Self-Referential and Self-Regulatory Behaviors.Self-referential behaviors include viewing the self as separate from others and as an active, independent, causal agent. Self-regulation refers to controlling impulses, tolerating frustration, and postponing immediate gratification. Initial self-regulation in young children provides a base for early childhood teachers who can develop strategies to nurture children’s emerging ability to regulate the expression of anger.

Guiding Children’s Expressions of Anger

Teachers can help children deal with anger by guiding their understanding and management of this emotion. The practices described here can help children understand and manage angry feelings in a direct and nonaggressive way.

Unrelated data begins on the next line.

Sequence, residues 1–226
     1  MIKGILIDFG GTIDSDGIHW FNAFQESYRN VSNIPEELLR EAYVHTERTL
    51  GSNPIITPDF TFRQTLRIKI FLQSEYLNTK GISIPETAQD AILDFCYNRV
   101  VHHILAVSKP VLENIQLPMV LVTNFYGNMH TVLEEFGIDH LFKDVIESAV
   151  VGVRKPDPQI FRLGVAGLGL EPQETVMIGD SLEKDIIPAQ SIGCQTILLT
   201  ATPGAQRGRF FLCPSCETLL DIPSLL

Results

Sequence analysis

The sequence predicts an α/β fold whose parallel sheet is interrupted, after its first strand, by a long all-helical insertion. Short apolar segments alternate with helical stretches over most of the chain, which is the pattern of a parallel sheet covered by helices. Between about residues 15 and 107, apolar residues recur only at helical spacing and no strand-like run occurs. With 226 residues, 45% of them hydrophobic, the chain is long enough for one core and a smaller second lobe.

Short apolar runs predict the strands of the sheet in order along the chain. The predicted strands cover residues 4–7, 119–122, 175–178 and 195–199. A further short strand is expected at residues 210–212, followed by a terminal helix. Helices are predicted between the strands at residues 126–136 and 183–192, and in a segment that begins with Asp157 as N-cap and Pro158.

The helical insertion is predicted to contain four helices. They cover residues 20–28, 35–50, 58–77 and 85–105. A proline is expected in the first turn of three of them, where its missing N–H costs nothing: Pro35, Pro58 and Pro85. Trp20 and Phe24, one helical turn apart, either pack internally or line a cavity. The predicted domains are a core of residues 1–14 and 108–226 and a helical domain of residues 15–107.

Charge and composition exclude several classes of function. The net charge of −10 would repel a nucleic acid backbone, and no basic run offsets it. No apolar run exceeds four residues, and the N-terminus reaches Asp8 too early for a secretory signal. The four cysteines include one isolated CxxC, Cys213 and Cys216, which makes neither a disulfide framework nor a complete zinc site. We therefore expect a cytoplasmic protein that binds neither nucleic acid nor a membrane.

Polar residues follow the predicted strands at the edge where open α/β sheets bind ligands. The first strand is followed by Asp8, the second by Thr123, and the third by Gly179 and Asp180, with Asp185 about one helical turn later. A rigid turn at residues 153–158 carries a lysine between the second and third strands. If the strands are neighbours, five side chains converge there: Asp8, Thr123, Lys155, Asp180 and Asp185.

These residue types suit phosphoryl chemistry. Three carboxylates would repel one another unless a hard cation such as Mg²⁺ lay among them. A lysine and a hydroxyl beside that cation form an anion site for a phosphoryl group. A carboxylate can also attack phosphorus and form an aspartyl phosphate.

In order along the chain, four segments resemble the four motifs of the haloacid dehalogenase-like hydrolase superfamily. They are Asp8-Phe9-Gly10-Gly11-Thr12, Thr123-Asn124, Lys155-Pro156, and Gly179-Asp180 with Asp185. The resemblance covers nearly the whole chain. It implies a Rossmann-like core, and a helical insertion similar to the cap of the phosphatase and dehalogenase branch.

Create a Safe Emotional Climate. A healthy early childhood setting permits children to acknowledge all feelings, pleasant and unpleasant, and does not shame anger. Healthy classroom systems have clear, firm, and flexible boundaries.

Model Responsible Anger Management. Children have an impaired ability to understand emotion when adults show a lot of anger (Denham, Zoller, & Couchoud, 1994). Adults who are most effective in helping children manage anger model responsible management by acknowledging, accepting, and taking responsibility for their own angry feelings and by expressing anger in direct and nonaggressive ways.

Help Children Develop Self-Regulatory Skills. Teachers of infants and toddlers do a lot of self-regulation “work,” realizing that the children in their care have a very limited ability to regulate their own emotions. As children get older, adults can gradually transfer control of the self to children, so that they can develop self-regulatory skills.